Tuesday, March 7, 2017

Chinese Silver Vinaigrettes

A typical Chinese vinaigrette, enlarged to show detail.


Chinese artists often achieved delightful effects when working in miniature. One of my favorite collections of Chinese objects is the charming tiny vinaigrettes made of delicate filigree. These small openwork containers, filled with perfumed inserts, were meant to hang on the clothes when walking, rendering surrounding odors less offensive. Sizes vary, but a typical rectangular one will be about 1.5 inches long.

It is difficult to know what name to call these—vinaigrette, pomander, sachet, or censer. Censers are for burning incense, and typically of a larger size. Sachets are usually made of cloth, and in fact their Chinese equivalent is very common. Pomander perhaps is the closest, but the name can refer to the perfume itself, and often pomanders are spherical or larger than personal size.

I prefer the term vinaigrette because these most closely resemble the Western silver vinaigrettes which were used for a similar purpose. These usually contained ammonia salts and possibly aromatic vinegars in addition to perfume, so they were kept closed and only used as needed to revive the wearer in days when fainting spells as well as horrid odors were common. The Chinese version contained only perfume and they were made of an openwork material so the perfume could diffuse itself around the person, or could be lifted for more concentrated inhaling.

This very nice 1827 example of an English vinaigrette by John Betteridge of Birmingham, from Gilai Collectibles shows the object from several angles.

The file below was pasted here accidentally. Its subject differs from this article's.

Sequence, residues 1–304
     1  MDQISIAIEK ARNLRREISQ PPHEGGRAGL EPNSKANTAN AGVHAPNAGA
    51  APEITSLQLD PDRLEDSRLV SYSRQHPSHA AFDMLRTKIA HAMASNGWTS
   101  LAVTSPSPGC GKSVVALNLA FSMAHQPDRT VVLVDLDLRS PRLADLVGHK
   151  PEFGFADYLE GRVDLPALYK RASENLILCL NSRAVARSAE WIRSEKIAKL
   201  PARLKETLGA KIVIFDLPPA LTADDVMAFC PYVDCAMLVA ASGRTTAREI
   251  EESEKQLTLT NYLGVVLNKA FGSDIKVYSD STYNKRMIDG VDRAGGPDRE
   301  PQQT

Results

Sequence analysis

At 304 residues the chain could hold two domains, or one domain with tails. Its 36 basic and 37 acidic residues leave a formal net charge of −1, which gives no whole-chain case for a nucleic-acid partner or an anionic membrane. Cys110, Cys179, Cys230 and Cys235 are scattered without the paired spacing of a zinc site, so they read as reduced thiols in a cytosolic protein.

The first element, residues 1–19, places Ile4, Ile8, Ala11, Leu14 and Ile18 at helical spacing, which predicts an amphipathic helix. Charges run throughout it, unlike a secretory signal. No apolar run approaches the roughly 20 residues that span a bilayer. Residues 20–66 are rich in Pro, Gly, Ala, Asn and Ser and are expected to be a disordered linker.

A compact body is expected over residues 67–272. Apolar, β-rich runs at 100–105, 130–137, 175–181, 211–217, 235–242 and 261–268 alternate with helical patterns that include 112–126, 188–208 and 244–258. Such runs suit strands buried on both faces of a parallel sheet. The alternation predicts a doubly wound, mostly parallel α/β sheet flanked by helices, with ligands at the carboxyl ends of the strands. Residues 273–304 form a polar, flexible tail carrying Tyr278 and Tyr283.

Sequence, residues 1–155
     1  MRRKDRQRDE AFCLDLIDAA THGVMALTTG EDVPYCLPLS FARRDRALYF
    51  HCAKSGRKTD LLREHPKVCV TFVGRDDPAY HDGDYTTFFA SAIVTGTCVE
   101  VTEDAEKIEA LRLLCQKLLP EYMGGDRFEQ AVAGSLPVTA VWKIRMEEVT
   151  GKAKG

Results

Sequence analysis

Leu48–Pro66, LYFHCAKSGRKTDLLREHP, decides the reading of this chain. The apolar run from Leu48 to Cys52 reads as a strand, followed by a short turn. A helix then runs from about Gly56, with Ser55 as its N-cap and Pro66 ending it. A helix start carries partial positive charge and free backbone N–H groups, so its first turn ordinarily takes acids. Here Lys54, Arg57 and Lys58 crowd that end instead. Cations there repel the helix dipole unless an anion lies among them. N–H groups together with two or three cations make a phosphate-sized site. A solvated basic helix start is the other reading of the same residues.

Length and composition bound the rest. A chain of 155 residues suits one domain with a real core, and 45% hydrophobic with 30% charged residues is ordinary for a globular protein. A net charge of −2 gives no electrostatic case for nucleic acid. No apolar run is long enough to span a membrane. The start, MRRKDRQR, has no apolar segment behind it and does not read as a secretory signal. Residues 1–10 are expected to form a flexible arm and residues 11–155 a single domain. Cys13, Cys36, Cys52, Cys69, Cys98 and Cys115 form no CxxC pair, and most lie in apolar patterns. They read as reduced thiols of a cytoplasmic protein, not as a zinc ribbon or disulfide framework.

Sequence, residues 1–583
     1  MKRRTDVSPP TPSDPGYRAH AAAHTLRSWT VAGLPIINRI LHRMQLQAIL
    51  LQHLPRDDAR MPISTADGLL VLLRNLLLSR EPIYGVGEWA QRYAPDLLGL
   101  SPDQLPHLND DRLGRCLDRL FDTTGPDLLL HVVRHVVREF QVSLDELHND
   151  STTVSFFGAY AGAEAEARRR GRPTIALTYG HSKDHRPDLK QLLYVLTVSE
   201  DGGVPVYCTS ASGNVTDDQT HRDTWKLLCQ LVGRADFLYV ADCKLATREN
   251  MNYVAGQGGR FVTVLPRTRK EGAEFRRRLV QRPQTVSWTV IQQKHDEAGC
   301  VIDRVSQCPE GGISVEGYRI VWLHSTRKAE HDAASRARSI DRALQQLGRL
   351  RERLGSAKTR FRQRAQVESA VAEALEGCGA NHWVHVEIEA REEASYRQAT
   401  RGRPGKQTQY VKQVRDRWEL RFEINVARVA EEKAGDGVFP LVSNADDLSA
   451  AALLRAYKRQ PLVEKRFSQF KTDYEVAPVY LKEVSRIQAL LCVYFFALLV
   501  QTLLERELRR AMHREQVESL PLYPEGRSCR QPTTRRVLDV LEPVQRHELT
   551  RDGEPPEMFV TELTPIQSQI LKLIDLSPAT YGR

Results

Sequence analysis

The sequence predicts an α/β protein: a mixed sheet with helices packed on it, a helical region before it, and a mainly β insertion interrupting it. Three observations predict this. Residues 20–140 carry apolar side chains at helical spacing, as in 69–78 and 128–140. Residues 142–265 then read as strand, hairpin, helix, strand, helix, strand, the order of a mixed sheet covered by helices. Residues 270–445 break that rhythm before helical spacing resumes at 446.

Here is another typical English vinaigrette from 1844-5 by William and Edward Turnpenny, also of Birmingham, now in the Philadelphia Museum of Art.

In general, Chinese silver vinaigrettes are made in two halves, which somehow hinge or fit together in order to contain the perfumed material, ordinarily a small pad made of cloth which can be charged with perfume or fragrant oil, whose scent can escape through the fine piercings. Some are made as a complete box, which can be opened at the top or by a sliding panel at the side. Since these sliding panels weren’t anchored to the main body, often they are missing today.

This is the reverse side of the vinaigrette at the top of the post.
A rare survival of the original fragrance packet, which can be seen through the filigree as a red object.
  
A more elaborate round example with blue enameling and five bats surrounding a longevity symbol. You can see where more ornaments were once attached.

A rather plain example, except that the filigree is exceptionally well planned.


Most of the decoration on Chinese vinaigrettes falls into two categories—either floral/natural scenes, or vignettes from Chinese history and mythology. Either of these patterns allows for a lot of detail in the decoration, as well as small recessed spaces that can be punched or cut out for the filigree.